If you are a single traveler joining a liveaboard at the Galapagos Islands, you can normally expect to share a cabin with another guest and pay the standard price. However, if you do not wish to share but want to ensure a private cabin for you alone, you can pay a single supplement on top of the published price. Each liveaboard has its own policy and the range of single supplements is from 50% to 80%.
Night diving used to be banned in Galapagos National Marine Park but these days you may get to enjoy 1 or 2 night dives during the course of your week long cruise. The number and location of these depends on your chosen liveaboard. Night diving locations may include Wolf Island or Cabo Marshall.
Depending on the boat, your liveaboard trip will include at least 1 and up to 3 fascinating land tours. These are:
If you'd like to participate in additional land tours before or after your liveaboard cruise, Dive The World can arrange that for you. These tours are conducted by boat and range from a ½ day tour to a 7 night yacht package. Please contact us for details.
Galapagos Islands National Park regulations changed in 2011 and now require companies with permits to choose either land excursions or diving (there are no permits offering both). Liveaboard dive boats are therefore no longer allowed to take their customers ashore on the uninhabited islands.
The islands lie in the Pacific Ocean, some 600 miles (960 km) to the west of Ecuador in South America.
In the history of human knowledge the Galapagos Islands play a starring role. It is here where Charles Darwin formulated much of his theory of evolution, a stunning breakthrough in unraveling the mysteries of life on planet Earth, the origins of living species, and natural selection. Now they are a protected national park in Ecuador, but are also an international treasure for scuba divers and lovers of nature throughout the world.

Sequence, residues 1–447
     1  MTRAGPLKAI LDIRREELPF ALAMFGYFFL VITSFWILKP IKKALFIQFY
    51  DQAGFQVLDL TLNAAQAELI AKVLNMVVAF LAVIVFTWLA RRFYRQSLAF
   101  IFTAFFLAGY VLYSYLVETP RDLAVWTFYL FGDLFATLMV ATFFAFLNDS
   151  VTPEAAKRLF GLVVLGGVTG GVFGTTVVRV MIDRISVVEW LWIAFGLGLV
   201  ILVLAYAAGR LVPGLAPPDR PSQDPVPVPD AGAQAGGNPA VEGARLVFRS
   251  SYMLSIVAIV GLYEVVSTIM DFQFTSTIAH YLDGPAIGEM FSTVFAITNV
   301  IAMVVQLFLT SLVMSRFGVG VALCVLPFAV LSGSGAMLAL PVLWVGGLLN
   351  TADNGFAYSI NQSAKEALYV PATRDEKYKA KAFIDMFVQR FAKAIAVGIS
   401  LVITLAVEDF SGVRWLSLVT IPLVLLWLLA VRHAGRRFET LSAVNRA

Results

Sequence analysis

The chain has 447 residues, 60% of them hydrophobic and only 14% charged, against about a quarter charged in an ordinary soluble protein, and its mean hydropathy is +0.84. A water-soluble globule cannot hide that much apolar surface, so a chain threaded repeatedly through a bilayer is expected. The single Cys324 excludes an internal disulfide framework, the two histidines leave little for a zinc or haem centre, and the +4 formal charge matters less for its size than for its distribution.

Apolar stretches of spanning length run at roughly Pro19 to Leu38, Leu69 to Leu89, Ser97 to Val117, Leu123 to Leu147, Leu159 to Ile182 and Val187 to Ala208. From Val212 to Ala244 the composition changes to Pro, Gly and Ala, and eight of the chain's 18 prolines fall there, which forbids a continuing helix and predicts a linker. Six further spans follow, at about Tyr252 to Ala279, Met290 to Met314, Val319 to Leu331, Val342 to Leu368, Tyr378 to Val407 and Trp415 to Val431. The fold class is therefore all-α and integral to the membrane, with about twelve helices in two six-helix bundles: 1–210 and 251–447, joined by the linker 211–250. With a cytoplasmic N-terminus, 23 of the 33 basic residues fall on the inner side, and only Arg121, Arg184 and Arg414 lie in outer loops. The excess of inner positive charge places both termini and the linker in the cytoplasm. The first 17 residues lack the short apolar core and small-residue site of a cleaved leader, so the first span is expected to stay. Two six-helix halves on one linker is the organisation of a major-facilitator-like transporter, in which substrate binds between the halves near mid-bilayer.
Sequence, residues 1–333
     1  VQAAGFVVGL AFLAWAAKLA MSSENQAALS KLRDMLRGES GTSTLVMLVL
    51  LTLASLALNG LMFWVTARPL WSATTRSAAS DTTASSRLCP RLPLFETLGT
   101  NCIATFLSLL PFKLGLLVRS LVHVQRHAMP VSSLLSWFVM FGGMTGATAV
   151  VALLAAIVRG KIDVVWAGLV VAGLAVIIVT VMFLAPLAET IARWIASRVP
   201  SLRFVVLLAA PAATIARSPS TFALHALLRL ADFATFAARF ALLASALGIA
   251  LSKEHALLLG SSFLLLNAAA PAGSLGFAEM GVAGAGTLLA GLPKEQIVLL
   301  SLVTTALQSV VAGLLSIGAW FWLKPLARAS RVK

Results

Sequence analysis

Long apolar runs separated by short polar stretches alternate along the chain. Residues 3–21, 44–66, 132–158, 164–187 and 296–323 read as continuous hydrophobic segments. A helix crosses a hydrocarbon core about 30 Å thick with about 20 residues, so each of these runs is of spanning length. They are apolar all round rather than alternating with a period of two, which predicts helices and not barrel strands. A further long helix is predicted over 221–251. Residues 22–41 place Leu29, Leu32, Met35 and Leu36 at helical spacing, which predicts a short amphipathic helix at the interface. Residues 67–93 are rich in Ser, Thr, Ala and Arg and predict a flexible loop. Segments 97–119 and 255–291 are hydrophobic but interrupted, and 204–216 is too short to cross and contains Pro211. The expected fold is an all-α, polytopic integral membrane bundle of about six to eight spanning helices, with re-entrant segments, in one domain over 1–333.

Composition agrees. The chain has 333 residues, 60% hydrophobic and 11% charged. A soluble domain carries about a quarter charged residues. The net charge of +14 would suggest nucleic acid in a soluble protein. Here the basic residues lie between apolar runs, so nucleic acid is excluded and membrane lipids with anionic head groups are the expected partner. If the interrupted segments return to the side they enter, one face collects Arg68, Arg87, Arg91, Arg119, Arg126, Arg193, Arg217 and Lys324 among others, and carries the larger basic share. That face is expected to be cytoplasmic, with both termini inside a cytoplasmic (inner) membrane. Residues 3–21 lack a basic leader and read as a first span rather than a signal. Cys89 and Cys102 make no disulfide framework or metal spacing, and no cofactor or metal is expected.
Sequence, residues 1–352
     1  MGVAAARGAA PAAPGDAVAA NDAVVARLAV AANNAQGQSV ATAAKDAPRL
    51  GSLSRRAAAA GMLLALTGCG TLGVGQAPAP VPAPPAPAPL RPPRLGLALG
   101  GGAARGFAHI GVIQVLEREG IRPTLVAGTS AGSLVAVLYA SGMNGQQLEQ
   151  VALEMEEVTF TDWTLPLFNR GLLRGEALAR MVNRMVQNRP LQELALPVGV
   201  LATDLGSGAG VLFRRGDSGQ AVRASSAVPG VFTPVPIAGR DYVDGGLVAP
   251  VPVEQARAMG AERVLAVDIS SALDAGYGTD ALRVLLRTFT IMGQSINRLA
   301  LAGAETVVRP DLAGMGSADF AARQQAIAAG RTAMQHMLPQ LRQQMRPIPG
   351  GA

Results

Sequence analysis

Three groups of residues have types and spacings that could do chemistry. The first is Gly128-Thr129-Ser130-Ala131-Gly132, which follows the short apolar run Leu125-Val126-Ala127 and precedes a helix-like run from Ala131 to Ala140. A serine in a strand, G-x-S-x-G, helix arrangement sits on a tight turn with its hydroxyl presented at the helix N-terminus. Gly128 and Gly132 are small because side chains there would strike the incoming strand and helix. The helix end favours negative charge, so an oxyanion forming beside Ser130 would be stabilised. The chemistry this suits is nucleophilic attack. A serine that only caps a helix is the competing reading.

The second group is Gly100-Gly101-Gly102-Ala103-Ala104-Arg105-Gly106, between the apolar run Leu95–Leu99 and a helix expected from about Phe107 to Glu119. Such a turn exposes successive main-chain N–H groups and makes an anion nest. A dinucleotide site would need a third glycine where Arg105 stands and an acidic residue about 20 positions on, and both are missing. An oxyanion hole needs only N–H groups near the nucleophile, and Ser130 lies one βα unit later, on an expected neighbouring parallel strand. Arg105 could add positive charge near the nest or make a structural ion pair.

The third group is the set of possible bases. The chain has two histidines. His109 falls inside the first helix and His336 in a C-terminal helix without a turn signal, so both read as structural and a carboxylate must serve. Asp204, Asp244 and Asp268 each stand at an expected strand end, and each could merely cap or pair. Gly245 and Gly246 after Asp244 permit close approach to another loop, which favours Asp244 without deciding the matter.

The islands experience equatorial weather with a wet and dry season. Wet season, from January through July, is when you can experience more frequent showers often with sunny spells either side of the brief but impressive showers. Dry season, from June through December, obviously has less rain but also tends to be cooler and under cloudy, but un-menacing skies.
Water temperatures in the Galapagos vary greatly depending on the time of year. Average temperatures are as follows:
January to June: 70-80°F (20-26°C)
July to December: 65-75°F (18-23°C)
However it is not unusual for the water to be as warm as 86°F (30°C) in the wet season and as low as 61°F (16°C) in dry season. We recommend you pack for both sun (lotion, sunglasses, hat, lightweight clothes) and rain (rain jacket/poncho, warm sweatshirt, waterproof sandals) as well as binoculars and insect repellent.
You can take a diving vacation here at any time of the year as the continuous liveaboard charters attest. Some times of the year are better than others in some ways and not so in others. There are fewer visitors in Galapagos and sometimes lower package prices during low season (April/May and Sept/Oct). Outside of this time, during the more popular months, availability is less and therefore advance booking is a must.
The period that most divers seek to be there is during dry season, with the exception of the low season months.
In the Santa Cruz Highlands where you can see Galapagos turtles and plenty of bird life. At San Cristobal Island you can see sea lions and marine iguanas. If you want to see more of the islands flora and fauna it is a good idea to book additional land tours.